Sent by a dill to Rooty Hill.
Bill Shorten is the Minister for Industrial Relations. And he is a trade unionist. Conflict of Interest?

The ABC Board seems to have redefined the law in its new electoral coverage policy

The ABC published a new election coverage policy in January this year - Web Archive suggests it was published between 21 and 31 January.   Julia Gillard announced the election on 30 January this year, with the polls to be held 14 September 2013.   The proximity of the Gillard announcement to the ABC policy change gives rise to some reasonable questions - why the change and why now?

Here are the links to the ABC's old and new  electoral coverage policies.   And for completeness, here is a link to the relevant sections of the governing legislation, the AUSTRALIAN BROADCASTING CORPORATION ACT 1983.

The New Policy Header

New policy
The Header of the Old Policy it replaced

Old policy

The new policy explicity states that it's been approved by the  ABC Board .   While the new policy doesn't repudiate the older Fact Sheet, I'll presume that the explicit imprimatur of the Board and the later date (2013 v 2010) implies that it takes precedence.   Just to confuse things, the older Fact Sheet is still online at the ABC website here.

The first sentence in each document is telling.

The New

No longer subject to legislation
The Old

Subject to the act first sentence

The new policy suggests that the Act delegates decisions over what gets covered  to the ABC itself.   The new policy deletes the words "subject to the act".   It's a very important distinction and it is particularly relevant to this year's long lead-time election.   

The New Policy includes this definition of "Election Period"- which was not in the old policy.  

Defines election period

Section 79A of the Australian Broadcasting Corporation Act tells us

 1)  Subject to this Act, the Corporation may determine to what extent and in what manner political matter or controversial matter will be broadcast by the Corporation.

So the law says "Subject to this Act"  and the Act goes on to define an "election period", it means:

Section (5) -

 (a)  in relation to an election to the Legislative Council of Tasmania, or an ordinary election to the Legislative Assembly for the Australian Capital Territory--the period that starts 33 days before the polling day for the election and ends at the close of the poll on that day; and

                     (b)  in relation to any other election to a Parliament--the period that starts on:

                              (i)  the day on which the proposed polling day for the election is publicly announced; or

                             (ii)  the day on which the writs for the election are issued;

                            whichever happens first, and ends at the close of the poll on the polling day for the election

Public announcement of polling day, or issue of writs - whichever happens first.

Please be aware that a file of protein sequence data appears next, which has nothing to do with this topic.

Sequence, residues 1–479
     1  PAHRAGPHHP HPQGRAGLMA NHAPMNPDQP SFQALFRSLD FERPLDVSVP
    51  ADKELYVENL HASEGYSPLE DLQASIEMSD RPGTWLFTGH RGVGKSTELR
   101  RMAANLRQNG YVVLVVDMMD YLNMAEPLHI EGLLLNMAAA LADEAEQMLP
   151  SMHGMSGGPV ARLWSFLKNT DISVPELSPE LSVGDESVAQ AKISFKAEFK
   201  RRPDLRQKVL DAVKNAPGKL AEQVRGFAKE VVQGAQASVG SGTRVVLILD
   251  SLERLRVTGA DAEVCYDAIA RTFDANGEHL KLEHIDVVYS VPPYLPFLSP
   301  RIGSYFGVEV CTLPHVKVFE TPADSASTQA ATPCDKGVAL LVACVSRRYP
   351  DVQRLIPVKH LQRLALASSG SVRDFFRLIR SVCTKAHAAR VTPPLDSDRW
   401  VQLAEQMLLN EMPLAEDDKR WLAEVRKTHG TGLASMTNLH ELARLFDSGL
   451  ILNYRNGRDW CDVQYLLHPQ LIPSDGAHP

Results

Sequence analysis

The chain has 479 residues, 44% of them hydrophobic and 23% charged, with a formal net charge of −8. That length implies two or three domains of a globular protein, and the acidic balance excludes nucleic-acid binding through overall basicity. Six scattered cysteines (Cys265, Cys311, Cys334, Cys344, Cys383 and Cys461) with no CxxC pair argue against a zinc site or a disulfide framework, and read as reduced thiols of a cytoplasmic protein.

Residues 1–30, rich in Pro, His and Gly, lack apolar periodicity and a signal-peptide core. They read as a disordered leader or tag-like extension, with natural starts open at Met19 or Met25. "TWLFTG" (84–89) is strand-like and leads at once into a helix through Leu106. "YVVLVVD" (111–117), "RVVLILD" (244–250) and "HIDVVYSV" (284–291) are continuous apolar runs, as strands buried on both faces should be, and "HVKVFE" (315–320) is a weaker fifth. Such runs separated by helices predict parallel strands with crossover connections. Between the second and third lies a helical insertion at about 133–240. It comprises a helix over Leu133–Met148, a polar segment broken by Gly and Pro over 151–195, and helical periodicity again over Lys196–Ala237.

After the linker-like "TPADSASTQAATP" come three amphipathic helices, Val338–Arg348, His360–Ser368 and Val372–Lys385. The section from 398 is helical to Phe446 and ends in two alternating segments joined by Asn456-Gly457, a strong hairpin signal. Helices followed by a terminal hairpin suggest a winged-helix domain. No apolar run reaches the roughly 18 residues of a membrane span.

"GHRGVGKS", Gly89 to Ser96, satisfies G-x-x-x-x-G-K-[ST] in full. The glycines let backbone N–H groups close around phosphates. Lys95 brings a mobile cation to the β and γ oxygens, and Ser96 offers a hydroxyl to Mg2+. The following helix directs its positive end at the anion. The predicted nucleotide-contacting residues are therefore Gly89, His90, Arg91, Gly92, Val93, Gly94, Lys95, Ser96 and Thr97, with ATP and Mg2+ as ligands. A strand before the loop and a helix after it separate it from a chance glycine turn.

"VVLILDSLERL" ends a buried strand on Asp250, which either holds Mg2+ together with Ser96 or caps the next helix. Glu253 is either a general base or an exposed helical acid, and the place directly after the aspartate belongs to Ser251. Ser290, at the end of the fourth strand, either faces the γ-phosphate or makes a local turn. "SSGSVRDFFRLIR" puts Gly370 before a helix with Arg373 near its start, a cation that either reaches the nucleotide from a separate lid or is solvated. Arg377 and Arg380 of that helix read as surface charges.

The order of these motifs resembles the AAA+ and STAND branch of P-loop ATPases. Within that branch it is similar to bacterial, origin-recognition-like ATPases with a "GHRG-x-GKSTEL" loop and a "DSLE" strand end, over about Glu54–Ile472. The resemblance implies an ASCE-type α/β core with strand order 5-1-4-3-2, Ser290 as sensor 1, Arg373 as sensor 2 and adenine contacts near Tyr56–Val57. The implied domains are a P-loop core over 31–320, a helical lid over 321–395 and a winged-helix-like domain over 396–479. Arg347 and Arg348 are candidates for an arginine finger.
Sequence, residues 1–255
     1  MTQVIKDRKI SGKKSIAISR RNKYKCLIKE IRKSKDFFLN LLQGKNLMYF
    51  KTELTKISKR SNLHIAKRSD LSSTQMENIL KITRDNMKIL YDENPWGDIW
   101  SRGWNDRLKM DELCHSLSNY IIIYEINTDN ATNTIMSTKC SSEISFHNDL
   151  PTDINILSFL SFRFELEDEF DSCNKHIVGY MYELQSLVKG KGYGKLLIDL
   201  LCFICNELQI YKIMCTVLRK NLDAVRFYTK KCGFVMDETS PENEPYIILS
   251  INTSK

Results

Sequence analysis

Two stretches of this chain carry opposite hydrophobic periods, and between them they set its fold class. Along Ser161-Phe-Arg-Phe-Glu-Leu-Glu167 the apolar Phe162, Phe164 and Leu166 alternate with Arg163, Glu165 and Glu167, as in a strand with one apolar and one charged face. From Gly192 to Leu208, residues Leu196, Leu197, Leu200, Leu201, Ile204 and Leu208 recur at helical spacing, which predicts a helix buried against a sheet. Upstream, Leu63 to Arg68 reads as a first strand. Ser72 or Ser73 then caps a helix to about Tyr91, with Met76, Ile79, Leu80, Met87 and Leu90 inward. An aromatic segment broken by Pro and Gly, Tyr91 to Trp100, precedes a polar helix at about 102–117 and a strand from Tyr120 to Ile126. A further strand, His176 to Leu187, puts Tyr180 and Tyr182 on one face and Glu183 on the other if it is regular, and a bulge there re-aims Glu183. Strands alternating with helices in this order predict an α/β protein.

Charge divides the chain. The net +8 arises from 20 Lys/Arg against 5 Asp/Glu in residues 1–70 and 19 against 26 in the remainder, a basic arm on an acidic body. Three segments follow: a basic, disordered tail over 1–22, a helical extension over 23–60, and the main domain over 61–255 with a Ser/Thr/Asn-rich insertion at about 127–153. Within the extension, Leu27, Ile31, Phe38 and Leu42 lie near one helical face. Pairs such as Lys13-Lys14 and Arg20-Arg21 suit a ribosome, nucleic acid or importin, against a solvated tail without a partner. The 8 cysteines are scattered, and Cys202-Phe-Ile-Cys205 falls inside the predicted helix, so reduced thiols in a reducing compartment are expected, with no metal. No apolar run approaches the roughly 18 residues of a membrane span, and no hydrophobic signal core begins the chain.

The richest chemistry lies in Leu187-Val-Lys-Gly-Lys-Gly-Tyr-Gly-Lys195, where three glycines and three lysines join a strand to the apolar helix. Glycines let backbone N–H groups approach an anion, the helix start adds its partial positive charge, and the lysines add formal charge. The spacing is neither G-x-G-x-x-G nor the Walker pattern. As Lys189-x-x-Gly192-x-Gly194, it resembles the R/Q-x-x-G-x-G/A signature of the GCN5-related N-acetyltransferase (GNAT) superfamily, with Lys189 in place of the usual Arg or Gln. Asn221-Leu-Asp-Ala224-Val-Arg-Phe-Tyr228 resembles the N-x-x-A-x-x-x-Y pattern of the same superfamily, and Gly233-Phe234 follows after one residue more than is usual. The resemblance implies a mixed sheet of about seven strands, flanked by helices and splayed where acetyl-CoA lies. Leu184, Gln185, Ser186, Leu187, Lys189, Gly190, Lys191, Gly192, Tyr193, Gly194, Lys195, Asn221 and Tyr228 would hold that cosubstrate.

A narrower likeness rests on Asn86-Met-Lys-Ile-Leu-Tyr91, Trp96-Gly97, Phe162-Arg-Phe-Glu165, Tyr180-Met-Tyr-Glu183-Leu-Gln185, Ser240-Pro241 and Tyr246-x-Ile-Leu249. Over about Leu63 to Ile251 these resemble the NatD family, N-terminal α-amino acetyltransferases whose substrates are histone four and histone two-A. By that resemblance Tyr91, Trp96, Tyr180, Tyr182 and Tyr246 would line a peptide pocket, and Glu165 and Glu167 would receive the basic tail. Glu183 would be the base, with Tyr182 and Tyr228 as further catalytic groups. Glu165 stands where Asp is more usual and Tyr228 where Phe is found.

There's nothing there about common sense.     Just a law that applies equally to all political parties and the ABC.

This exchange from the Senate Estimates hearing took place on 11 February this year.

Mr Scott: Under section 79A of the Australian Broadcasting Corporation Act, the ABC may determine to the extent, and the manner in which, it will broadcast political matter. So the ABC has determined that the free broadcasting time shall be allocated to political parties during an election campaign for announcements of party policies. We have eligibility guidelines to this that are spelt out in the ABC board's policy statement. We have taken the decision that we will treat the election campaign period as running from the issuing of the writs to the close of polling. We believe it is within our rights under the act to take that approach.

Senator BIRMINGHAM: Have you received legal advice on that?
Mr Scott: No, we have not...

Mr Scott: Senator, I want to clarify something. My understanding is that we have not taken external legal advice on this matter, but this has been reviewed by our senior team and we are following the processes that we have traditionally followed in election coverage. And that seems the common-sense way.

Senator BIRMINGHAM: So it has been reviewed by your external lawyers?
Mr Scott: We have looked at the act and we have decided that to operate in the way that we have traditionally operated is the common-sense way to go ahead and that we are within our rights under the legislation to do that.


There are other subtle changes too.   

The New Policy

A range of perspectives
The Old Policy it replaced

The principal ponts of view
We've moved from an obligation to present the principal points of view to an obligation to present a range of perspectives.   Who decides what is in "a range of relevant perspectives".  Is it an ABC Committee, the ABC Board, the journalists union?   What could that range of perspectives include,  -  the Muslim perspective, the Greens perspective, the UN perspective, Hezbollah's perspective?

Thank you reader Kev of Canberra for the tip about the policy changes.   It seems unwise for the ABC's Board and its Managing Director to allow their view of "common sense" to take precedence over the law.

The ABC must not only be impartial, it has an obligation to itself  to be seen to be manifestly impartial.   The law should guide and protect the ABC's board from allegations of partisan conduct. Perhaps Mr Scott might reconsider that decision not to get legal advice.